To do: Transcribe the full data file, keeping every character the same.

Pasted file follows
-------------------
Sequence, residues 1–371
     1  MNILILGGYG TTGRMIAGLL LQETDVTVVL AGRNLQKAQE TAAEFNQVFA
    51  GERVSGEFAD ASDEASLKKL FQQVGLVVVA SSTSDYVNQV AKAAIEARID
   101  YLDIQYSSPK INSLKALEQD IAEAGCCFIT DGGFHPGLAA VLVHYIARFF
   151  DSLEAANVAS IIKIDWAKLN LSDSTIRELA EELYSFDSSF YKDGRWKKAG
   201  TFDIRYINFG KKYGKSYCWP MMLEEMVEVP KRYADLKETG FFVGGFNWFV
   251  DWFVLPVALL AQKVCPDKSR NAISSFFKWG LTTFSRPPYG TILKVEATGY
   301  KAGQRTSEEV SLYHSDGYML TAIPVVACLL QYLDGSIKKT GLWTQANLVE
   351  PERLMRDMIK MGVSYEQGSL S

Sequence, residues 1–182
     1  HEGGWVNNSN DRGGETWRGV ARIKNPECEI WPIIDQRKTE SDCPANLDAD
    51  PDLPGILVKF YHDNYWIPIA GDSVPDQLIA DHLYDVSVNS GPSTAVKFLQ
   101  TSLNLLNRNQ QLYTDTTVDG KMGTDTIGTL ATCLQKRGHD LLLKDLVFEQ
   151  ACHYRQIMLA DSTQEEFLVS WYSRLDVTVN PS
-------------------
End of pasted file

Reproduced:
Sequence, residues 1–371
     1  MNILILGGYG TTGRMIAGLL LQETDVTVVL AGRNLQKAQE TAAEFNQVFA
    51  GERVSGEFAD ASDEASLKKL FQQVGLVVVA SSTSDYVNQV AKAAIEARID
   101  YLDIQYSSPK INSLKALEQD IAEAGCCFIT DGGFHPGLAA VLVHYIARFF
   151  DSLEAANVAS IIKIDWAKLN LSDSTIRELA EELYSFDSSF YKDGRWKKAG
   201  TFDIRYINFG KKYGKSYCWP MMLEEMVEVP KRYADLKETG FFVGGFNWFV
   251  DWFVLPVALL AQKVCPDKSR NAISSFFKWG LTTFSRPPYG TILKVEATGY
   301  KAGQRTSEEV SLYHSDGYML TAIPVVACLL QYLDGSIKKT GLWTQANLVE
   351  PERLMRDMIK MGVSYEQGSL S

Sequence, residues 1–182
     1  HEGGWVNNSN DRGGETWRGV ARIKNPECEI WPIIDQRKTE SDCPANLDAD
    51  PDLPGILVKF YHDNYWIPIA GDSVPDQLIA DHLYDVSVNS GPSTAVKFLQ
   101  TSLNLLNRNQ QLYTDTTVDG KMGTDTIGTL ATCLQKRGHD LLLKDLVFEQ
   151  ACHYRQIMLA DSTQEEFLVS WYSRLDVTVN PS